California Provides Public Education to 9.2 Million Students. California provides public education spanning from preschool through the university level. About two-thirds of students are enrolled at the preschool, elementary, or secondary school levels. California currently has about 10,000 of these types of schools operated by 944 school districts. (About 1,300 of these schools are charter schools, which typically are approved by the nearest school district but operate somewhat independently.) The remaining one-third of students are enrolled in public colleges or universities. The California Community College (CCC) system consists of 115 campuses operated by 73 districts. The state has two public university systems—the California State University (CSU) and the University of California (UC). The CSU system has 23 campuses and the UC system has 10 campuses.

State Helps Cover the Cost of Public Education Facilities. Traditionally, the state helps cover the cost to construct or renovate academic facilities, including classrooms, science laboratories, and career technical education spaces (such as automotive workshops). New academic facilities typically are constructed when areas are growing in enrollment. Renovation (or modernization) projects typically are undertaken when a building’s components (such as its electrical, plumbing, or heating and cooling systems) are old and become less reliable or a lifesafety issue is identifed (such as the need to remove mold or strengthen a building’s ability to withstand an earthquake). Traditionally, the state has not funded preschool facilities, with school districts tending to fund these projects using local funding. 

State Reviews Facility Requests. For school facility projects, school districts submit applications for state funding to the Offce of Public School Construction. The offce reviews the applications and then brings eligible applications to the State Allocation Board for approval on a frst-come, frstserved basis. For community colleges and universities, campuses submit proposals to their system offces. (The CCC system is overseen by the Board of Governors, the CSU system by the Board of Trustees, and the UC system by the Board of Regents.) Each system’s governing board then compiles these campus requests and submits selected projects to the Legislature and Governor for review and approval.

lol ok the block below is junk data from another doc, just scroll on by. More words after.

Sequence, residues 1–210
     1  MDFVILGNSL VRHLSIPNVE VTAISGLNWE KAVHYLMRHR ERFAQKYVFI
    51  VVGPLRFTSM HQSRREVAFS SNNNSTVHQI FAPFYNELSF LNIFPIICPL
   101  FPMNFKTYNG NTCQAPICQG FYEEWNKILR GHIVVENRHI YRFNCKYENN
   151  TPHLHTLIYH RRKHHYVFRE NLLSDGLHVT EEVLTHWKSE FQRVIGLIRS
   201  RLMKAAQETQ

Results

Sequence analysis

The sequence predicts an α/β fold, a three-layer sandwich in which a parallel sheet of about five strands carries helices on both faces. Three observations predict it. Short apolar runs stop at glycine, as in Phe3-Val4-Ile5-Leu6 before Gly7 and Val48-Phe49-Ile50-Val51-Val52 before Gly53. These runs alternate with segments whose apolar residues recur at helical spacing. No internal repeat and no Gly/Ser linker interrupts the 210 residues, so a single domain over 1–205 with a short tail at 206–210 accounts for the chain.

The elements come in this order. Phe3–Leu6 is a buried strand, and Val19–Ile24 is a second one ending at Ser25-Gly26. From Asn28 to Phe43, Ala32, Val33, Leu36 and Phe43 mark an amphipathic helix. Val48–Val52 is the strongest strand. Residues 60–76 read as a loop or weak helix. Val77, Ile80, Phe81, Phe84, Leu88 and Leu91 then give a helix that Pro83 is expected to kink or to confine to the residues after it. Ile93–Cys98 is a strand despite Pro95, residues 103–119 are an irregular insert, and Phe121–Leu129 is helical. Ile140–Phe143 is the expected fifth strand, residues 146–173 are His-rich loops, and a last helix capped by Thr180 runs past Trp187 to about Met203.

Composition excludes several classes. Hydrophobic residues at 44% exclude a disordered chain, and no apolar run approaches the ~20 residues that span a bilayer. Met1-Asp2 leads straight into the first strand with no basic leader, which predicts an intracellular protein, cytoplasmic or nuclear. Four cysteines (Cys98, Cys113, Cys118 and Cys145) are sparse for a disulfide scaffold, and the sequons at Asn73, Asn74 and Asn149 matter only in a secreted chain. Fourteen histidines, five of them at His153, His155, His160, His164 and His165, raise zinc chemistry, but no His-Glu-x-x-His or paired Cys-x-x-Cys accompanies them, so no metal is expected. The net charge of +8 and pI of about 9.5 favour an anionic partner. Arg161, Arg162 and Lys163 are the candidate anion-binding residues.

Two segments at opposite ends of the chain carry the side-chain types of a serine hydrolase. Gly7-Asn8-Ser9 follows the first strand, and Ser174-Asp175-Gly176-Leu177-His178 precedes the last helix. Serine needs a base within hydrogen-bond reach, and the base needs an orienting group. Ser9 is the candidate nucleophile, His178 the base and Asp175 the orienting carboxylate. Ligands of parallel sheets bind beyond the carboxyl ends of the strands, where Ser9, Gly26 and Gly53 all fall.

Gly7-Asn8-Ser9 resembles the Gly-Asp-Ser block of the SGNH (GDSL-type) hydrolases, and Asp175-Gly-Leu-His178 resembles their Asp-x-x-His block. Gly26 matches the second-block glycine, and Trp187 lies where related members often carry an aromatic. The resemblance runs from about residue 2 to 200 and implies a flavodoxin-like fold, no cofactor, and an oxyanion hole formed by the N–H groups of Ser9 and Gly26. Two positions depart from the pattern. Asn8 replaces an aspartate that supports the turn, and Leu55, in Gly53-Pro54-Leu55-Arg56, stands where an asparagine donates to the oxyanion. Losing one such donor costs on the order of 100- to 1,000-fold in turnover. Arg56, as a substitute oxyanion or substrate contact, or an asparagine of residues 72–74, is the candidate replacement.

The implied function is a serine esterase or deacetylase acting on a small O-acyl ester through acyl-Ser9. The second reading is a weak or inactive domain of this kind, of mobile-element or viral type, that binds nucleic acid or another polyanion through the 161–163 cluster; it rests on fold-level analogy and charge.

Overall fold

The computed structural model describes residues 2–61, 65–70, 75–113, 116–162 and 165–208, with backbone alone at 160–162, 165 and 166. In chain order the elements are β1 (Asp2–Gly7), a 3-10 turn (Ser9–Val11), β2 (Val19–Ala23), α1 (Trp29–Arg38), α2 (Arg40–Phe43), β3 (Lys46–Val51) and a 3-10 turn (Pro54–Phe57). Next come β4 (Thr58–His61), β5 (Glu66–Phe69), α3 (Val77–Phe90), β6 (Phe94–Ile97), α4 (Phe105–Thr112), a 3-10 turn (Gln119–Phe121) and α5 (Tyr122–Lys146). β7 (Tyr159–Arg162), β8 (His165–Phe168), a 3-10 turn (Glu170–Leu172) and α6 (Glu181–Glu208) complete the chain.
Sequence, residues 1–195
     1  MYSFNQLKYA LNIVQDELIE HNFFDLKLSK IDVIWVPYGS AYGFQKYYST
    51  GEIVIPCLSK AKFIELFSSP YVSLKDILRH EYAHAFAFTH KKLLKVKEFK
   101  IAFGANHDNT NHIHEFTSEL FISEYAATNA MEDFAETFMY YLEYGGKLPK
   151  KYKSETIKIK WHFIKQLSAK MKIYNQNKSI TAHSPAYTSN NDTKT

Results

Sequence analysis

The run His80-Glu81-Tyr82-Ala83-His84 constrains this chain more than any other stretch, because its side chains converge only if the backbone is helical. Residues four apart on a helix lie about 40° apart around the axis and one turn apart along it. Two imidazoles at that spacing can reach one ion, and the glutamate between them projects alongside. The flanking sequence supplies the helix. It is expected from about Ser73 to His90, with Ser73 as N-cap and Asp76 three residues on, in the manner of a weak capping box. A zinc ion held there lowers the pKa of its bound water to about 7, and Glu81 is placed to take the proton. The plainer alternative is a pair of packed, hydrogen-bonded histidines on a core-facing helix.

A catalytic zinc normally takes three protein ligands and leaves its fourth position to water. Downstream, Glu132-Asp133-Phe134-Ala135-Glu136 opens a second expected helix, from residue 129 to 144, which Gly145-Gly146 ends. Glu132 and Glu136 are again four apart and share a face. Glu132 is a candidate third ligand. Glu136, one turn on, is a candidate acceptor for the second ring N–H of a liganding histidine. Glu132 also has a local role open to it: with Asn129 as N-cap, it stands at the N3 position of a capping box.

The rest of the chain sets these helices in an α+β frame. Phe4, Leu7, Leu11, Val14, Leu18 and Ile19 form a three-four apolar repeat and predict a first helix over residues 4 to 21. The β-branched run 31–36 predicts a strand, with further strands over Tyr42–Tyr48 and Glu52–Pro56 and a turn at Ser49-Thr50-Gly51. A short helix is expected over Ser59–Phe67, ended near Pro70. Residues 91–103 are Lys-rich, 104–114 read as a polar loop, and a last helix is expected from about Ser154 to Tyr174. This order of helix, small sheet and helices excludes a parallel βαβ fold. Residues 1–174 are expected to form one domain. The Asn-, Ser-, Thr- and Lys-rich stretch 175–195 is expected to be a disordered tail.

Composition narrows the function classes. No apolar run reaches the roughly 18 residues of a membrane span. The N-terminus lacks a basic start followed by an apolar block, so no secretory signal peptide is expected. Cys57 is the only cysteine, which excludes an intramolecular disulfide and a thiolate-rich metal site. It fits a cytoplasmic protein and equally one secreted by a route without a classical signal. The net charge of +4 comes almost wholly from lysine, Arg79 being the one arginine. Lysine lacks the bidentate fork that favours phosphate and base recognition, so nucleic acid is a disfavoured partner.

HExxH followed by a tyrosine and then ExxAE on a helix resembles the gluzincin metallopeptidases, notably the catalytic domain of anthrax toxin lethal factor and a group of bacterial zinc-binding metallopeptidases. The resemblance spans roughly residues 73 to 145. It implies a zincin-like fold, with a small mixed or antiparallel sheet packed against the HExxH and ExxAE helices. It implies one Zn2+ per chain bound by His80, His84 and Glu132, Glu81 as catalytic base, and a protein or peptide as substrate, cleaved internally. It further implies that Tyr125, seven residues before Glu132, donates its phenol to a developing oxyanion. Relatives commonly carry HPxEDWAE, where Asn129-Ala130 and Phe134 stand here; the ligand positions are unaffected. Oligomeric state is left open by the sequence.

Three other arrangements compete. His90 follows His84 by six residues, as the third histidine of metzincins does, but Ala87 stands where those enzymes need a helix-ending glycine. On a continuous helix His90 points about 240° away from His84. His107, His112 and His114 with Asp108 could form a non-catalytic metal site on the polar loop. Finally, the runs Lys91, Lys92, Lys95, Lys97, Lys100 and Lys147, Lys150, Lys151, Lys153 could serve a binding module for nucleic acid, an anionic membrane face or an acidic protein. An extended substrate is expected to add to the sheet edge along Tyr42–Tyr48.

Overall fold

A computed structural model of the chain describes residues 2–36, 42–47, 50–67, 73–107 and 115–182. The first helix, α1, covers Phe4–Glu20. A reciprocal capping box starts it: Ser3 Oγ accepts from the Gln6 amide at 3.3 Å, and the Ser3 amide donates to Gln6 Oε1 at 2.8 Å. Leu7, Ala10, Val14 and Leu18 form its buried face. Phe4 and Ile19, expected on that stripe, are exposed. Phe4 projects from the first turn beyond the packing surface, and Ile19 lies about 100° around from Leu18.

State Has Rules for Sharing Project Costs With Schools. For school districts, the state traditionally covers a standard share of the cost of each approved facility project. Specifcally, the state covers 50 percent of the cost of most new construction projects and 60 percent of the cost of most renovation projects. School districts are expected to cover remaining project costs using local funds, though school districts that have diffculty covering their local share may qualify for additional state funding. For community college districts and university campuses, the state also often shares project costs, though state law does not have standard share-of-cost requirements for them. 

State Historically Has Used Bonds to Fund Education Facilities. The state typically uses general obligation bonds (a form of borrowing) to pay for its share of project costs. A majority of voters statewide must approve these bonds. Voters give the state permission to sell bonds to investors. The bonds provide the funding that the state uses for projects. The state then repays the investors, with interest, from the General Fund. (The General Fund is the state’s main operating account, which gets its revenues primarily from personal income taxes, state sales and use taxes, and corporation taxes.) The state typically repays investors by making annual payments over a few decades. Bond repayment is guaranteed by the state’s general taxing power. (For more information on the state’s use of bonds, see “Overview of State Bond Debt” later in this guide.) 

State Has Some Bond Authority Remaining but Much of It Has Been Committed. The chart below shows that from 2002 through 2016, voters approved four education facility bond measures that provided a total of $45 billion in state bond funding. Three of the bond measures provided funding for school and community college districts as well as universities, whereas one (Proposition 51 in 2016) funded only school and community college districts. Of the $45 billion in approved bond funding, the state already has sold bonds totaling $37.2 billion, with $7.8 billion not yet sold to investors. Virtually all of these unsold bonds are from remaining Proposition 51 funds. The state, however, already has received applications nearly in excess of the remaining Proposition 51 bond authority for school projects. (The state currently is processing these applications.) The state also has already committed about two-thirds of Proposition 51 bond funding for community college projects. (A lag typically exists from the time the state commits bond funding for projects to the time it sells the associated bond.) The state’s current annual payment on previously sold education facility bonds is $2.9 billion.